President Barack Obama signed ESSA into law on December 10, 2015, reauthorizing the landmark Elementary and Secondary Education Act (ESEA). According to the U.S. Department of Education, ESSA includes provisions designed to advance equity in education by upholding critical protections for America’s disadvantaged and high-need students; requires that all students in America be to high academic standards that will prepare them to succeed in college and careers; helps to support and grow local innovations—including evidence-based and place-based interventions developed by local leaders and educators; ensures that vital information is provided to educators, families, students, and communities through annual statewide assessments that measure students’ progress toward those high standards; and sustains and expands this administration’s historic investments in increasing access to high-quality preschool.
Source: Trump Administration Takes on Obama’s Education Law – New America Media
By Richard Bammer
In an age of increasing technology, the value of handwriting has surfaced as a topic of debate in American academic circles. The overriding question is, does it matter anymore? After all, “keyboarding,” or touch typing, begins in second grade in many schools, and, a year later, third-graders begin to take all-computerized state standardized tests?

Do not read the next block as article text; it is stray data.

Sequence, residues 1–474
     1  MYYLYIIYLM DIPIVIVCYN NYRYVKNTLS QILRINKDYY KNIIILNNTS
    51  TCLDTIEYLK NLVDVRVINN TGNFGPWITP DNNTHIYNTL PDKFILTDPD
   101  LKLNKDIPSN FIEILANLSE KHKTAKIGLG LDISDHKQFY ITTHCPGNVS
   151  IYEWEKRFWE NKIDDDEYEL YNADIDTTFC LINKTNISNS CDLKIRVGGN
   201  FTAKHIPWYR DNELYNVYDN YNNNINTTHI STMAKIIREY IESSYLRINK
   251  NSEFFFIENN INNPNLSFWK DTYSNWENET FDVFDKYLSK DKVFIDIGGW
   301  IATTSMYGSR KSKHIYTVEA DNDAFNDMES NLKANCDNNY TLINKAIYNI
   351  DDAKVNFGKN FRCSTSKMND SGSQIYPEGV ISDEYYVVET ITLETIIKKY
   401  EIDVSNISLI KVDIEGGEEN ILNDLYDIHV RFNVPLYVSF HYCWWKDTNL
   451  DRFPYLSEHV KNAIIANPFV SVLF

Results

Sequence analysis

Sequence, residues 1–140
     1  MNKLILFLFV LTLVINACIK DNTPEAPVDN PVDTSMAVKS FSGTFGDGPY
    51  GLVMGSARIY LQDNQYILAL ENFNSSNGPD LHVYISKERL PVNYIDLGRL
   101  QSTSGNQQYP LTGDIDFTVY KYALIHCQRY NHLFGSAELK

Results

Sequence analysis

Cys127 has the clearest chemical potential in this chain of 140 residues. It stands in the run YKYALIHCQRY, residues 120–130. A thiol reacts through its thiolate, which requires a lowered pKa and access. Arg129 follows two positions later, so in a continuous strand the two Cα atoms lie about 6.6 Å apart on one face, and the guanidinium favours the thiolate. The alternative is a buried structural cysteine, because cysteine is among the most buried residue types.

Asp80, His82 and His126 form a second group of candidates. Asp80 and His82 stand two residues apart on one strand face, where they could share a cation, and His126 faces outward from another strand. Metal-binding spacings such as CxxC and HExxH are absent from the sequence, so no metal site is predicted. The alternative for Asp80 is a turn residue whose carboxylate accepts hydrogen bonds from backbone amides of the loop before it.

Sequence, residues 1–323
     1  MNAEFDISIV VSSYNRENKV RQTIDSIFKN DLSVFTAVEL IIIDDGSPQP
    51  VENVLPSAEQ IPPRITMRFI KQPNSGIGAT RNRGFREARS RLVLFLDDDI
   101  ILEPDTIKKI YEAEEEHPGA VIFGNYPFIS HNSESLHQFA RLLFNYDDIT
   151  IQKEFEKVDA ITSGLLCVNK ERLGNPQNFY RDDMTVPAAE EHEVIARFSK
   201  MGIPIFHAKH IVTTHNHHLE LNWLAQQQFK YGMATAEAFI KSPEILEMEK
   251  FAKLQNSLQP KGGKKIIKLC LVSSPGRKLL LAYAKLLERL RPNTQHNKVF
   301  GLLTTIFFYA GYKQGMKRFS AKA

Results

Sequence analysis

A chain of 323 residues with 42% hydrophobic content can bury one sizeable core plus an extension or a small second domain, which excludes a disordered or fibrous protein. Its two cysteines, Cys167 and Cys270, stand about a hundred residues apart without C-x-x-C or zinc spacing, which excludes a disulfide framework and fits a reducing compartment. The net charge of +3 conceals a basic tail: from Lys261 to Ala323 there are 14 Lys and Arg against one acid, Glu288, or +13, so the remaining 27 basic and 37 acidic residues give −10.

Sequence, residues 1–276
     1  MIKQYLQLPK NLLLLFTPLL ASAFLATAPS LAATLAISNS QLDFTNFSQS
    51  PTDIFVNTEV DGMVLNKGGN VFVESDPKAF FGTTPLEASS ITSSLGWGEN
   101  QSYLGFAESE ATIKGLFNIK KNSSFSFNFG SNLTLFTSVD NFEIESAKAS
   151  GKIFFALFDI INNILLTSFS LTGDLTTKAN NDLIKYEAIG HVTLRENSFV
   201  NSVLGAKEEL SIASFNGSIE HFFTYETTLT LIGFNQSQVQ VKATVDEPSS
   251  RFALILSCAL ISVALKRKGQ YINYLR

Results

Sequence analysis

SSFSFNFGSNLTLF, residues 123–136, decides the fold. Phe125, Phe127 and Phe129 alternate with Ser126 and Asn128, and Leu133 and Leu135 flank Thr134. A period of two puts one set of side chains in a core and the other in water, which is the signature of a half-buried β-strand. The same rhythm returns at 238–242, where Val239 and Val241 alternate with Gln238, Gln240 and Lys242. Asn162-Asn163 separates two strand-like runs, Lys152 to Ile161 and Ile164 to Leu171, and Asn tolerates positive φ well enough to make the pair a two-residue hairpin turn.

Perhaps not very much to some educators.
Case in point: In October, 2015, Carolyn Thomas, a digital education specialist at Fairmont Elementary in Vacaville, told The Reporter that teachers no longer teach cursive handwriting at the Marshall Road campus. I have been thinking about her statement ever since.
However, the Common Core State Standards, which most states have adopted, call for teaching legible writing in grades K-1 but not necessarily afterward. States are permitted to add an additional 15 percent of their own standards as they see fit. Several states, including California, Massachusetts, North Carolina and South Carolina, decided to make cursive instruction mandatory as part of their standards enhancements.